Crypto will change the world.
That's not my point. My point is that cryptocurrency or currency in itself shouldn't be considered an investment because owning currency on itself does nothing. Investing in my point of view is buying an asset that actually produces value . Buying a cryptocurrency is solely based on assuming people would value one unit of that currency higher than it is now. So, in one word, gambling.

I am not saying that you won't make money. If anything, there is a good chance that you can make money out of it. What bothers me about it is that there is no valuation I can take a look at to determine how to value these units. Currency in itself is the tool we value the things around us with. That in itself is not an investment. Also, if we are to take cryptocurrency as a serious thing, we shouldn't then value them against the CDN$ or US$. If we really want to adopt a cryptocurrency as a standard, people need to frame the value in the cryptocurrency, not in the traditional currency. So if that is the case, then the cryptocurrency, in a way, fails for it's purpose. You shouldn't really care whether the price of the cryptocurrency increases or decreases compared to the US$. You have the same amount of cryptocurrency.

Equating buying shares of marijuana stock via RBC and buying cryptocurrency are not equivalent. Cryptocurrency is equivalent to buying a foreign currency or performing forex trading. Other than getting more people to accept different cryptocurrencies in the world increasing it's value compared to a traditional currency, there is little to no value metric to go by. Also, if that is all you are buying in stock, there are much cheaper brokerages to use than RBC.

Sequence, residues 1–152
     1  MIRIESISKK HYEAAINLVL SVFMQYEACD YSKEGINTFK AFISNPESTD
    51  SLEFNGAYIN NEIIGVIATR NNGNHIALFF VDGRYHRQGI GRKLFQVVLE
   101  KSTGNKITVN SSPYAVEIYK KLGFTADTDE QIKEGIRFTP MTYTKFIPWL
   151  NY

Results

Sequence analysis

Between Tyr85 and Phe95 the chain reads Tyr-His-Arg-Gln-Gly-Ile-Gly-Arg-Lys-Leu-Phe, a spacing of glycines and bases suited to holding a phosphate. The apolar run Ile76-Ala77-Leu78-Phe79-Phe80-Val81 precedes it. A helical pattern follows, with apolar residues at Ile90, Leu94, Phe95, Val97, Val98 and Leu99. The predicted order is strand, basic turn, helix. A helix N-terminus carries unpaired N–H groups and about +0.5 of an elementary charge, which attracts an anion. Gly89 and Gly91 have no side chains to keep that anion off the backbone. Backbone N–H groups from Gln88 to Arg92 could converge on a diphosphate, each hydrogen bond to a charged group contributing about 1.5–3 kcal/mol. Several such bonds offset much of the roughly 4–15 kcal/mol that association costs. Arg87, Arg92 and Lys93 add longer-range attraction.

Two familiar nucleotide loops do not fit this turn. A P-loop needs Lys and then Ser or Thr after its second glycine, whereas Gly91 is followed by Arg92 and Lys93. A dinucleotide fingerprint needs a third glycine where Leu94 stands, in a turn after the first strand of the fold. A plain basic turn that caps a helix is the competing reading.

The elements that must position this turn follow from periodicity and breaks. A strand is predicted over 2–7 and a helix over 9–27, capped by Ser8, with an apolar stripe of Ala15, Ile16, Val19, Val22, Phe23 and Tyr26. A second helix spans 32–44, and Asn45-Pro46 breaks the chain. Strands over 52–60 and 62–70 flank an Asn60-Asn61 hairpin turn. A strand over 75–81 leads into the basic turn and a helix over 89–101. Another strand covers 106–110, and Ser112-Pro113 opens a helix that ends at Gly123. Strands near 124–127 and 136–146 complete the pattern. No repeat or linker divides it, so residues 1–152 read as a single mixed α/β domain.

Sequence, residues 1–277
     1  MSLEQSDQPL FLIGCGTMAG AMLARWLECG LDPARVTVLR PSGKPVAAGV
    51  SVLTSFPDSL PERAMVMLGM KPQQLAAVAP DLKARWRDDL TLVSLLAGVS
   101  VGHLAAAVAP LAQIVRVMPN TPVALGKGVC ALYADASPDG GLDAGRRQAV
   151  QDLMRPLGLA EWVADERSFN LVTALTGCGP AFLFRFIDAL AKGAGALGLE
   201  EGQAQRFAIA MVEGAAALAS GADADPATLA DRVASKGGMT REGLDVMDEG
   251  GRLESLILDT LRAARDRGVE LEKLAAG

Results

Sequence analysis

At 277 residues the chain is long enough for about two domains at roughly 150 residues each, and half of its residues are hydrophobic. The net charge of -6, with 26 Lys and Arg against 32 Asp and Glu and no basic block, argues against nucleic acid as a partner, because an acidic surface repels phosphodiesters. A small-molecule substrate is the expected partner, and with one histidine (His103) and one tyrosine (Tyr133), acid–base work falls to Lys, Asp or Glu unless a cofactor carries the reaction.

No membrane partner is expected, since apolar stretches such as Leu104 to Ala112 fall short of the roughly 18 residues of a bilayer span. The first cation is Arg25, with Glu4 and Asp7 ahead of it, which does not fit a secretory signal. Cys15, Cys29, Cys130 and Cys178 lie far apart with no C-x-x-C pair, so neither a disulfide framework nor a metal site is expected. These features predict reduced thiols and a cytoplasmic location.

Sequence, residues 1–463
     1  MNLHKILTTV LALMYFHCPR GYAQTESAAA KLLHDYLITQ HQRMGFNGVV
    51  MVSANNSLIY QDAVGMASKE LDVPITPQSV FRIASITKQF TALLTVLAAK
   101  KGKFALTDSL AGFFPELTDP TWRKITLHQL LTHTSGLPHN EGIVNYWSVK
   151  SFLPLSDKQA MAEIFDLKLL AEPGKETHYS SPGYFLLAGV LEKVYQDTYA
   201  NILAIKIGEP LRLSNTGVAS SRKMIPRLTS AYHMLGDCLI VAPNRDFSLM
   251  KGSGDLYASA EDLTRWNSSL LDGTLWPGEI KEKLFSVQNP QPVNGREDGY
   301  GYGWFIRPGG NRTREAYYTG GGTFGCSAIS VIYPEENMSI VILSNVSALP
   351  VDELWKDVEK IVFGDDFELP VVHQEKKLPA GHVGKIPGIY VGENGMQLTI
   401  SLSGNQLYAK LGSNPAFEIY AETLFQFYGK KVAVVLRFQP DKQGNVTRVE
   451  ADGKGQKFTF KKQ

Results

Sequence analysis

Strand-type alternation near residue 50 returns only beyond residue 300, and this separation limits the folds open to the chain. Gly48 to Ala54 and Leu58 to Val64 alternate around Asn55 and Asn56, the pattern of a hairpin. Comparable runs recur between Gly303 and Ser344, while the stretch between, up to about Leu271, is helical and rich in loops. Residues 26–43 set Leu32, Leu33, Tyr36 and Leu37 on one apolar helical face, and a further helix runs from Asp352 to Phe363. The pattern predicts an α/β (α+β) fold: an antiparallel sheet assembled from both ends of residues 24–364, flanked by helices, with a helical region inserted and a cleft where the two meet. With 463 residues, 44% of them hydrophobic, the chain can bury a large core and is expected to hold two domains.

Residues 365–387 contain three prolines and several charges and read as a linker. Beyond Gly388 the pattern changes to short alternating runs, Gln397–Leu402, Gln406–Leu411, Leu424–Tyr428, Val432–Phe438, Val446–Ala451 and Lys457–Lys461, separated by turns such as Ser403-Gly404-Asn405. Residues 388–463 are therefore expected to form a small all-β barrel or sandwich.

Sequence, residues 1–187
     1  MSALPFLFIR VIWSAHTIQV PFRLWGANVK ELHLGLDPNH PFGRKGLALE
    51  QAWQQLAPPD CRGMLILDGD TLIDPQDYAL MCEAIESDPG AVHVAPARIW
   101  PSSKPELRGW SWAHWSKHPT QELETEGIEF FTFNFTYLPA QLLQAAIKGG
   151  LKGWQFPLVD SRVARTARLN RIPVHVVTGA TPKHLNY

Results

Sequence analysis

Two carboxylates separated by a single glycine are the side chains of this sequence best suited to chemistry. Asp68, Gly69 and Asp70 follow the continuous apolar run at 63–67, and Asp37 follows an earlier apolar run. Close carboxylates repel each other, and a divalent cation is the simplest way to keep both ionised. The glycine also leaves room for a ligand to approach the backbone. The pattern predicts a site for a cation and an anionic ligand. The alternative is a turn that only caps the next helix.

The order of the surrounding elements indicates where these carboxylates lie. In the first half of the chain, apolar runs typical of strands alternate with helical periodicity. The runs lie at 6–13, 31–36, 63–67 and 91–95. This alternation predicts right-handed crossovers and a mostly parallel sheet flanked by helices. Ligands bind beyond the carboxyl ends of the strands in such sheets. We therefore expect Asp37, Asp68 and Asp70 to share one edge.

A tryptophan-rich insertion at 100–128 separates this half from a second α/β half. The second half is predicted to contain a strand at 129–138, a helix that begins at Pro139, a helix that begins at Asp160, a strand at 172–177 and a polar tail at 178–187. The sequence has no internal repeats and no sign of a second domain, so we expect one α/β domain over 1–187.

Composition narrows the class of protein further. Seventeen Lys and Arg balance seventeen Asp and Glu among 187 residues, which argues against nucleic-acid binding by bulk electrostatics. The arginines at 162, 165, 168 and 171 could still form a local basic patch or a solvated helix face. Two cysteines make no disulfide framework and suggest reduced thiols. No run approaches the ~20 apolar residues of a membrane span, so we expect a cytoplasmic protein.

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mathiewannabe wrote:
Aug 11th, 2017 2:17 pm
My only real advice is: don't listen to anyone, and especially majority of people on RFD. They're sheeps.
Typical RFD mentality is invest only what you can afford to lose, invest in INDEX funds (couch potato), start RRSP/TFSA early. That's just how it is.
If you really want to learn, RFD is not where you should be lurking.
What do you think will happen in November? I know it's not wise to try to time the market and wait for a dip but with bitcoin at an all time high and my initial fund being worth barely a single bitcoin.. I'm conflicted.
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Thinking about this more there are in essence two factors involved in crytocurrency investing - one is the block chain process, the second is the currency itself - be it Ether, Bitcoin, or whatever new flavour of the month is popping up.

I think block chain is going to change things, but how can one invest in block chain without the currency? To date, they are all linked together, correct? I.e. if you want the Bitcoin block chain process you have to buy Bitcoin, as that's the only way to capture it. Same with Ether, etc. Is there an over-arching way to invest in block chain, without buying the associated crypto?

This is like the protocol wars that were taking place when the internet was being born. Ultimately the TCP/IP protocol won, and all of the others fell to the wayside. I think blockchain will be a winner take all (for a technology to be scaleable and utilized everyone has to be using it). Thus, is there anyway to bet on the race without trying to pick the winning horse.